While a standard 401(k) plan is rather simple to set up for employees, it could be a pain for employers since it is their responsibility to guarantee that they’ve kept all the applicable complex government rules.
Hassle of standard 401(k) government tests
An essential requirement for most 401(k)-s is passing nondiscrimination tests every year to ensure that some categories of employees aren’t being favored unfairly at the expense of others, notes Steven Azoury, who owns Azoury Financial, a firm based in Troy, Michigan, as cited by US News and World Report.
Dan Beck, who is the CEO of “401GO”, a platform assisting small businesses to set up retirement plans, points out that the government’s nondiscrimination tests are designed to guarantee that 401(k) benefits fairly all people in a certain company.
What the tests do is inspect the savings rates of both highly paid and less highly paid employees, and seek out any excessive discrepancies between these two groups of workers as far as their 401(k) account deposits are concerned.
They also evaluate whether an owner or a manager of a business, i.e. a key employee, might own over 60% of all assets in a plan.
If that is found to be the case, it would necessitate corrective action.
Punitive measures for non-compliance with the government’s annual testing requirements could be really costly for an employer, which is why, especially in the case of small-business owners, it is worth considering opting for a safe harbor 401(k), instead of a standard one.
Highly beneficial to small-business employers
That is the case because the former provides a way of avoiding the annual nondiscrimination tests while still offering the same tax benefits to employees.
Simply because safe harbor 401(k) plans are guaranteed to meet government requirements without having to undergo annual checks.
Under those plans, in 2021, anybody may contribute up to a maximum of $19,500 (which will be $20,500 next year), while those aged at least 50 may include additional catch-up contributions of $6,500.
The catch for the employer is that it is supposed to be making obligatory contributions to the safe harbor 401(k) accounts of its employees, with the money being immediately vested.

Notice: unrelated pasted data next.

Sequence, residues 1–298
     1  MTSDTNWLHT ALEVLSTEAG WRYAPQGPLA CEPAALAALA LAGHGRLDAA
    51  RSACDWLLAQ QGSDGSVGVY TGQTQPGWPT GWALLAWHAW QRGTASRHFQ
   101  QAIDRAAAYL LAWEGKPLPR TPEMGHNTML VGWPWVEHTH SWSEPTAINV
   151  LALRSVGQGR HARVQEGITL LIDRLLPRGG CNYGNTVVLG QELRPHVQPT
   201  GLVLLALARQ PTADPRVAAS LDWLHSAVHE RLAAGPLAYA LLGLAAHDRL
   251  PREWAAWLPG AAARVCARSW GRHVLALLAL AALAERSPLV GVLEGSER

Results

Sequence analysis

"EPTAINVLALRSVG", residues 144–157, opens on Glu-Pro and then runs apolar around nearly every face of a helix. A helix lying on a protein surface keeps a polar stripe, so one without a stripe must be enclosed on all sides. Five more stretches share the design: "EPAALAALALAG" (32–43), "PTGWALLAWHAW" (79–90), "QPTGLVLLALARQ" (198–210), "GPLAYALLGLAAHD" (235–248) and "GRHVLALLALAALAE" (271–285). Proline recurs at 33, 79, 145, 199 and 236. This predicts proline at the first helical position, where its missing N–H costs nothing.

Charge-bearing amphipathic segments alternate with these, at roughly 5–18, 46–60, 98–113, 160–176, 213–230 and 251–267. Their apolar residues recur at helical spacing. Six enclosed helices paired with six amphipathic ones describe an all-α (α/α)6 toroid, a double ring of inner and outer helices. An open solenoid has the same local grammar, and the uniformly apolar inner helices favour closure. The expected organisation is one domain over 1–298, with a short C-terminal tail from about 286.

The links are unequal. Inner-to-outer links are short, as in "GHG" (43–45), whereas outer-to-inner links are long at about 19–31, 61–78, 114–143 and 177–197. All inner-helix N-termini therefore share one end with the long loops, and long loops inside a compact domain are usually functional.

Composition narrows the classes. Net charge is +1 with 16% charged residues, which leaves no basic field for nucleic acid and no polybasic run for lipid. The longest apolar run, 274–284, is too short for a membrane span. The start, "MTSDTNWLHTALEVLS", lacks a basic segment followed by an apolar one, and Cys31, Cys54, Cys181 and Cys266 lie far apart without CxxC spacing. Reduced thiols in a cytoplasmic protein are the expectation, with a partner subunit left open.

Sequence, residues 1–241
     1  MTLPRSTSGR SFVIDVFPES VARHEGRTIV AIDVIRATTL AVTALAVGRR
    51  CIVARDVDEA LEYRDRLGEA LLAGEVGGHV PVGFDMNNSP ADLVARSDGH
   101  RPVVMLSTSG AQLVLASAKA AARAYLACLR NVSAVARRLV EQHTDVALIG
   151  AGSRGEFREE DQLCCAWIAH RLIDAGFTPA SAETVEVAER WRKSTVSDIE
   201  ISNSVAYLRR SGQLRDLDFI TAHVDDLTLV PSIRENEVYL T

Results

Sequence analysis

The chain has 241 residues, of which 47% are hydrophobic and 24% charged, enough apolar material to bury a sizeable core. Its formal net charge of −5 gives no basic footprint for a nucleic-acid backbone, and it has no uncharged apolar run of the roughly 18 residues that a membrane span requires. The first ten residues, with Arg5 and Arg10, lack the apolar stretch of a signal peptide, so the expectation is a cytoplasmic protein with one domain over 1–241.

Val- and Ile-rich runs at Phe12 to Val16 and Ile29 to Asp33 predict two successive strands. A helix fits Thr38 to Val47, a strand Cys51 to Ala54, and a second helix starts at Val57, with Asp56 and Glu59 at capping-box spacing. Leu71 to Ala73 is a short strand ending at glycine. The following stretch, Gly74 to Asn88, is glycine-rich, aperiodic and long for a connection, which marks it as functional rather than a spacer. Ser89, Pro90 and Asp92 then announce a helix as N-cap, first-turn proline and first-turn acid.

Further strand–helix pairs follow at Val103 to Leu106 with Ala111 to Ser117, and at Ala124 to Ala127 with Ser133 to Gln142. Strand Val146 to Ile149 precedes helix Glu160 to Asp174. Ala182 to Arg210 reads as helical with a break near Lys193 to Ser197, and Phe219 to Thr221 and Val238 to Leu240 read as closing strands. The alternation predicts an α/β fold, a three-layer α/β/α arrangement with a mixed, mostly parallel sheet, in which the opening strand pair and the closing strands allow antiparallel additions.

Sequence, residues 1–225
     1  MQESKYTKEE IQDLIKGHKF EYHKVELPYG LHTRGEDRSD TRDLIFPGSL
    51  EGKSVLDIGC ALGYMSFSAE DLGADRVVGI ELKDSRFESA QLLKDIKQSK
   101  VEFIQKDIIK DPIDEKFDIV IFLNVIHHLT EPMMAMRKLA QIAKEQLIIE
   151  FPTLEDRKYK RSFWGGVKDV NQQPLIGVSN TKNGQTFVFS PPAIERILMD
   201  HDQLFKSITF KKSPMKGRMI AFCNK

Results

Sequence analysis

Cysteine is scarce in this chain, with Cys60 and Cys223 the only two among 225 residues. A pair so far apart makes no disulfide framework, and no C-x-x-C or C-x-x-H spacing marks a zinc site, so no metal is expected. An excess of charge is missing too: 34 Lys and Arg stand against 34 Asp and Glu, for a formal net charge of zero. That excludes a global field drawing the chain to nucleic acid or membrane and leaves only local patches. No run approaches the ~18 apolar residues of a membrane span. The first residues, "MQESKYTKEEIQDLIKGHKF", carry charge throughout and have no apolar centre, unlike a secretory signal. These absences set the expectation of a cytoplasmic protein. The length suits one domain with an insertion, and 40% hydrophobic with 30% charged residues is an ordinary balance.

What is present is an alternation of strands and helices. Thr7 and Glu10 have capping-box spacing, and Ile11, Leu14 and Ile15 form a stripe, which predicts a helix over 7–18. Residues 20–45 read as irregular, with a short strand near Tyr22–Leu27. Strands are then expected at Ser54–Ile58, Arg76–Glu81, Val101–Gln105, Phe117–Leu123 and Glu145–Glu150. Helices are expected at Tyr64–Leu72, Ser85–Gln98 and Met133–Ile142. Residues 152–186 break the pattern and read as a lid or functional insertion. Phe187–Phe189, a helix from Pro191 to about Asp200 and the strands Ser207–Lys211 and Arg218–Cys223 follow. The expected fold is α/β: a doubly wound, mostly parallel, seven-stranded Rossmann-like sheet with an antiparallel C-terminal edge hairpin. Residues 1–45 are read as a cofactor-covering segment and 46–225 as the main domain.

The arrangement in question could be very costly for a big business but more cost-efficient for a small-business since safe harbor 401(k) plans tend to be cheaper to establish than traditional plans and avoid the burden of the annual nondiscrimination testing.
In short, while using the safe harbor framework for 401(k) might increase payroll costs, it may reduce administrative costs more substantially, and just be straight out more convenient by eliminating a giant bureaucracy hassle.
There are four types of 401(k) plans under the safe harbor framework that employers can choose from depending on the different match and contribution options.
Highly beneficial to employees as well
Apart from the advantages that safe harbor 401(k) offers to some employers, it also carries the potential to be highly beneficial to their employees.
That is in part due to the automatic employer contributions to the employee’s retirement fund, as well as the immediate vesting and the potential tax deductions.
As safe harbor 401(k) plans don’t require a minimum number of years served for an employee to have access to the month, they mean that funds deposited in such an account are for the worker to keep under any circumstances.
The fact that safe harbor 401(k)-s guarantee that employees do receive minimum contributions to their retirement makes the framework a win-win for them and their employers.
The number one recommendation for employers who have decided to use the 401(k) safe harbor framework, or would even just like to consider it, is to seek specialized professional guidance.